Reply
Debbie Dabbs

Thank you for the tips Vicki! I have enjoyed reading your blog for several years now, and as a woman of 60 I am finding my brows and eyes looking different than I remember. I too prefer definition and not looking washed out, without too much makeup. Keep the info coming.

Reply
Taste of France

I’m happy with just mascara and eyeliner. And doing the brows, of course.
I reserve eye shadow for really dressy nights out. I’ve always used my fingers to apply it. I suppose I’ve pressed more than brushed with my finger, but your tip is very logical.

Reply
Pauline Haas

I’m quite taken with your articles and have now subscribed – however I’m more than “a certain age” but will continue to follow even though I’m in Australia and buying anything at all may become a problem. Many thanks for in anticipation of further interesting articles.

Reply
Anita Rivera

Good morning, Vicki! OK, you have given me the keys to the kingdom here; I have always had trouble with my eyeshadow and I think you’ve solved the mystery, to press, not brush. I’ve been doing the latter all my adult life, resulting in a caked or running shadow within minutes of application. Back in the early 70s when I first started to experiment with makeup, us girls wore this horrific BLUE shadow. What were we thinking? In my later years, I was using two different shades of brown, one close to the color of my skin, the other darker to go into the crevice below the brow. But last year, I wore NO eyeshadow at all, concentrating on just my red lips. I do want to start off the school year with a new look and I’ll need to experiment before I go back, but I’ll need to carefully select my shadow hues. Great advice, as always!

Reply
candice

I know longer use powder eye shadow … I used Clinique eyeshadows that are creamy .. they stay where you put them they don’t flake etc and the colors are soft and natural on the skin ..
I rarely use colors etc .. I have been using a soft creamy pink and a light pale tan color .. just enough to not look like bare skin .. and I never use blue or green … so unnatural and old fashioned looking ..

Reply
Lynnelle, the Heels Diva

Love the post – and the eyebrow post, also. As a woman who just recently bungee jumped into her 60’s (still can’t believe it) I have a couple of comments for those of us needing a tweak on your recommendations above.
1. not only do we need our eyelids primed, but also directly under the lower lashes. That area tends to be a bit darker and it really brightens up the eye using, as I do, a yellowish tone concealer. (olive skin tone) A very tiny bit will do both upper lid and lower lash line – patting around, never rubbing. If it seems too dry, add a tiny bit of eye cream or lotion.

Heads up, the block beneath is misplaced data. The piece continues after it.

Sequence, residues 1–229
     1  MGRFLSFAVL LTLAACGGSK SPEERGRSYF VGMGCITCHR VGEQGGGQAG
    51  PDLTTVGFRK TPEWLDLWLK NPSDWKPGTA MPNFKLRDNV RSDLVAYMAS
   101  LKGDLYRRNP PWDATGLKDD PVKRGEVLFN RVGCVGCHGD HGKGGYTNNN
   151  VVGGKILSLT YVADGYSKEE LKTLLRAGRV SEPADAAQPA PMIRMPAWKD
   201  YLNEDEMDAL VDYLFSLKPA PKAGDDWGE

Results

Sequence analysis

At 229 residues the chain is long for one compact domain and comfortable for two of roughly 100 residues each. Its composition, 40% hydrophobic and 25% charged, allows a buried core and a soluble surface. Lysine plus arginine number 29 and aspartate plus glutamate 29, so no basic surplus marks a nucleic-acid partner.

2. On your #3 you mention putting the darker color in the crease. At 60, my eyes appear to be set deeply enough on their own so I use the darker color slightly above the crease which seems to open the eye more without further sinking the eyes into the unfortunate folds.
3. I use a slightly off-white eye shadow crayon – sort of taupe-ish, silver-ish, color – NYX Jumbo Eye Pencil “cottage cheese” is the actual product I use. Just a pop of this under the high-arch point of the brow further opens the eye without an obvious white highlight.
4. Finally, eyeliner on a ‘mature’ eye should be left for special, evening occasions, in my opinion. Very thin close against the upper lashes – a softer charcoal, slate or olive green versus the hard blacks. If I want more definition during the day, I use an olive green eye pencil and line the inside of my upper lashes. That takes careful practice and cleaning the pencil tip after each use – but it adds definition without a heaviness of a traditional, above the last liner.

Your blog is as pretty as it is interesting. Thanks for letting me share my mature 2 cents.

Reply
Crawford obrien

Dear Vicki
I enjoy your posts and over the last several months realised I was only occasionally receiving them. I checked the status of my subscription and it seems fine. Any ideas as to why this is happening?
Regards Crawford

Reply
Vicki

Hello Crawford,
It was because you had elected for weekly emails and My Daily Click. Over the summer I am sending only the Daily newsletter, so everyone has a little break..
I have updated the list to include you in all my latest emails.. :)
You can change your preferences at any time once normal scheduling re commences. xv